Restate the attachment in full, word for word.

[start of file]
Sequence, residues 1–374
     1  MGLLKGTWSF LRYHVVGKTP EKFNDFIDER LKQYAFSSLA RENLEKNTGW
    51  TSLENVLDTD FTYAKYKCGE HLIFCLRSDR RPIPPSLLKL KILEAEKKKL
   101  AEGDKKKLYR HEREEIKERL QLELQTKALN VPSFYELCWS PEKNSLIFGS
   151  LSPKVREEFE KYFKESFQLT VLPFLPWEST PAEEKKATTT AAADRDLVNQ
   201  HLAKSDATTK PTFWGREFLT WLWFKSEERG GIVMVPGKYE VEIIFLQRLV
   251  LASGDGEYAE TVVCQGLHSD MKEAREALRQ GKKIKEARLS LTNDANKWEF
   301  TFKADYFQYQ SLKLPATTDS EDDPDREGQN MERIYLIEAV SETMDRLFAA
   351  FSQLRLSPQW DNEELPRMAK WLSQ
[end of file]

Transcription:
Sequence, residues 1–374
     1  MGLLKGTWSF LRYHVVGKTP EKFNDFIDER LKQYAFSSLA RENLEKNTGW
    51  TSLENVLDTD FTYAKYKCGE HLIFCLRSDR RPIPPSLLKL KILEAEKKKL
   101  AEGDKKKLYR HEREEIKERL QLELQTKALN VPSFYELCWS PEKNSLIFGS
   151  LSPKVREEFE KYFKESFQLT VLPFLPWEST PAEEKKATTT AAADRDLVNQ
   201  HLAKSDATTK PTFWGREFLT WLWFKSEERG GIVMVPGKYE VEIIFLQRLV
   251  LASGDGEYAE TVVCQGLHSD MKEAREALRQ GKKIKEARLS LTNDANKWEF
   301  TFKADYFQYQ SLKLPATTDS EDDPDREGQN MERIYLIEAV SETMDRLFAA
   351  FSQLRLSPQW DNEELPRMAK WLSQ